For anyone curious, the songs being sung during the coda are Longtime Sunshine, Why Bother, No Other One, I Just Threw Out the Love of My Dreams, and Blast Off.
Happy birthday, Pinkerton! The song to celebrate today is a pretty cool version of the track “You Won’t Get With Me Tonight”. This song was originally written in 1995, intended to be used on weezer’s would-be second album, Songs From the Black Hole. Various demo versions of this song have been in existence for a while, with one version even being released as a track on Pinkerton: Deluxe Edition. But this version of the song has become known as the “Crushing Version,” and is the only full-band recording of it! Drummer Pat Wilson has spoken of this full-band version in the past, and at some point in 2011 it was leaked online. Featuring Brian Bell on backup vocals, rather than Rivers singing all of the vocal tracks, this demo gives us a decent idea for what a fully realized SFTBH track might sound like. Enjoy!
With September 24th being Pinkerton’s 17th birthday, it only seems appropriate to post some Pinkerton tracks this week! So starting off the week, we have an early recording of the first song on the album Pinkerton, “Tired of Sex.” Originally written at some point in 1994, this track was first considered for the never-released concept album called Songs from the Black Hole. After the idea for that album fell apart, Tired of Sex was one of the few songs that made the jump from SFTBH to Pinkerton! This early version of the song was released on officially released on 2010’s Pinkerton: Deluxe Edition.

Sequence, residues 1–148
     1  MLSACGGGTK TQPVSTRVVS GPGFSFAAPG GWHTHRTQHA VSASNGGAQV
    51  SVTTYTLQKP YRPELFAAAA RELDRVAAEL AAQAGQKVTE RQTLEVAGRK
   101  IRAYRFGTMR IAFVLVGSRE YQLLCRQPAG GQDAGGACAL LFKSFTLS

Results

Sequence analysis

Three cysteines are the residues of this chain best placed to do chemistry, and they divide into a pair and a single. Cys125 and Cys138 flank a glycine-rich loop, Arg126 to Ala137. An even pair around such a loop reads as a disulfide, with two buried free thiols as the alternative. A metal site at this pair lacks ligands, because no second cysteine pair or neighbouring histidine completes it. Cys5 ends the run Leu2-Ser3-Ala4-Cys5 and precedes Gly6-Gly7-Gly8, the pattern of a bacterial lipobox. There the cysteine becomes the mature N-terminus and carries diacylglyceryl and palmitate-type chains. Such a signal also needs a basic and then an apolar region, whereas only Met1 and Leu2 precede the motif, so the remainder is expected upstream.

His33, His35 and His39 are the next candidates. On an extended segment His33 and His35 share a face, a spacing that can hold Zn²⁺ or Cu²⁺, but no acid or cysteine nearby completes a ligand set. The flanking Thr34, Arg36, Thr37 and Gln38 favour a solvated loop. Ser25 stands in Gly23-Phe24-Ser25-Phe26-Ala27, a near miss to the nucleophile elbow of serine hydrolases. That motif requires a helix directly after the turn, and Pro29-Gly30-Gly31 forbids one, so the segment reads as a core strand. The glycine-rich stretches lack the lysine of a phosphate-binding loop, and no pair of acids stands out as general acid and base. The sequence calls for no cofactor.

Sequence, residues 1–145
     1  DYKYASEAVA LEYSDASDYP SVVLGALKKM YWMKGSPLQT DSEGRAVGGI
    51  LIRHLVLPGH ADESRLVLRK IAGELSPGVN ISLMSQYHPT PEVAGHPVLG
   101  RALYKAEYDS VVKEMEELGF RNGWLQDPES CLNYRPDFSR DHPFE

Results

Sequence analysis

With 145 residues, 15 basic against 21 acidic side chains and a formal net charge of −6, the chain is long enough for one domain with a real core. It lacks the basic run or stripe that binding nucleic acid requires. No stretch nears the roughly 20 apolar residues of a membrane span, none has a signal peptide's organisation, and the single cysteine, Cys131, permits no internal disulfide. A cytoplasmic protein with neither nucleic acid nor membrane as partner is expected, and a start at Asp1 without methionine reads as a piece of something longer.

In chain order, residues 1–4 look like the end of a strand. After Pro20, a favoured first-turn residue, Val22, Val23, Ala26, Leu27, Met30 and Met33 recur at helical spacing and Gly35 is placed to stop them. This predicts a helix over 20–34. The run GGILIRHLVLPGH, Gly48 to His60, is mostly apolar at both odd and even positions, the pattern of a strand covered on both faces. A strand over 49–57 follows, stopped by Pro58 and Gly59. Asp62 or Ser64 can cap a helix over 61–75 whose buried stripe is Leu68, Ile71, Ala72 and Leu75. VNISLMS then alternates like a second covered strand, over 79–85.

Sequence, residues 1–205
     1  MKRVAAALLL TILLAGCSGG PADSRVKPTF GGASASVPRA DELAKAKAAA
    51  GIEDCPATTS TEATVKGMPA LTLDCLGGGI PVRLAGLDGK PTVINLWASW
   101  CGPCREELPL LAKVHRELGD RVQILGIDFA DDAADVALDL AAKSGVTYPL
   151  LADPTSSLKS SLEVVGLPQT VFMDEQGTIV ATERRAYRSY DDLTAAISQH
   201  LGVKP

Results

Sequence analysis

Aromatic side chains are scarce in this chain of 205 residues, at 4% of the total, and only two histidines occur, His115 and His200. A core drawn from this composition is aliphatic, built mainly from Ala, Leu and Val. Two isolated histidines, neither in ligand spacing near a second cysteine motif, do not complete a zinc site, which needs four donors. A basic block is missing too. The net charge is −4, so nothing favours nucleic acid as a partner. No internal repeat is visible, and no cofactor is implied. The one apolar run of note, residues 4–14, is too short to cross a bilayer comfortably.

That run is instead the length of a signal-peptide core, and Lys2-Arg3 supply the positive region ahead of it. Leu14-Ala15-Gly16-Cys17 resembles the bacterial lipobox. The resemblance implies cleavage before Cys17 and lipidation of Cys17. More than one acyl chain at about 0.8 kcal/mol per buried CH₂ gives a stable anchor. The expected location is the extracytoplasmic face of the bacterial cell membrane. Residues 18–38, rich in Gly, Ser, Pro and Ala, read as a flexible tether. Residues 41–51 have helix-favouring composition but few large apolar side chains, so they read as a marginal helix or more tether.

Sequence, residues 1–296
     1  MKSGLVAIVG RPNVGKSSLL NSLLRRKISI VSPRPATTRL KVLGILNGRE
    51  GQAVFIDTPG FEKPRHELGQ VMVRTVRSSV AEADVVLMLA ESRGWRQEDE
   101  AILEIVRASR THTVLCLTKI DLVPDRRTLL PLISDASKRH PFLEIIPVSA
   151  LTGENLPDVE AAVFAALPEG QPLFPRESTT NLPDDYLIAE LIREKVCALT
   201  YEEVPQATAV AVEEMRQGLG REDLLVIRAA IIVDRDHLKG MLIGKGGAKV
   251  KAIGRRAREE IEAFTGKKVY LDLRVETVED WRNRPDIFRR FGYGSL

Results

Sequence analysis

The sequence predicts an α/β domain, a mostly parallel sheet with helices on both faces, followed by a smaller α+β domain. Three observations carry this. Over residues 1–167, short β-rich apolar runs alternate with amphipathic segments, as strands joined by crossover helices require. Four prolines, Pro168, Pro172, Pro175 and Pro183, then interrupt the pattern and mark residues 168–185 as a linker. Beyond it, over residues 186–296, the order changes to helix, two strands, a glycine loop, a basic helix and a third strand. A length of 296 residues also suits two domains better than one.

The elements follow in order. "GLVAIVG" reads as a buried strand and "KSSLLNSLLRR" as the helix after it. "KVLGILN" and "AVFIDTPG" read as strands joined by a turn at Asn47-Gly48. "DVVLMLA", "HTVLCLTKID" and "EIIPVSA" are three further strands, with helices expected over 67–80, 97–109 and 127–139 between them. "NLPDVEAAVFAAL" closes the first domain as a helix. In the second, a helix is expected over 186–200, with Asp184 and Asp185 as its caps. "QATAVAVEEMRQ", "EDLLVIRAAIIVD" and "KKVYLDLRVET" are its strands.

“Sunshine, O” is a track written by Rivers with his late 90’s band called Homie. Only two live versions of this song exist, with no official recording ever having been released. It is similar in sound to many of the Homie tracks that have been floating around online from 1997, with a very poppy and upbeat feel. With lyrics like “Sunshine, o sunshine, rain down on me, I’ve been a bad bad boy, so give your love to me” and “Every night, as you fade I feel the moon, the wicked moon, it’s wicked way” this song is likely proof that Rivers Cuomo is, in fact, a werewolf.
In 2003, Weezer recorded a cover of Green Day’s song “Worry Rock.” The cover was recorded for a Green Day tribute album called A Different Shade of Green. The cover is semi-acoustic and features Petra Haden, member of the band that dog, on violin. This song was obviously an influence on Weezer, as their third album, the Green Album, features a song called Knock down Drag Out, the title of which is taken from the lyrics of Worry Rock. Interestingly enough, Rivers saw it fit to change the lyrics “fucked without a kiss again” from the original track to “hugged without a kiss again”
Another Homie track for today, “I’ll Think About You” was first written in 1994 by Rivers as a weezer song. It ended up getting shelved and resurfaced during the band’s hiatus in 1997, played live by River’s band called Homie. While numerous live recordings of this track were floating around the internet for a while, it wasn’t until Rivers’ second solo album, Alone II, in 2008 that the song saw official release! As an interesting note, in all of the live recordings of this song that exist, Rivers introduces it by warning the audience that it “sounds a little like the Sesame Street theme song.”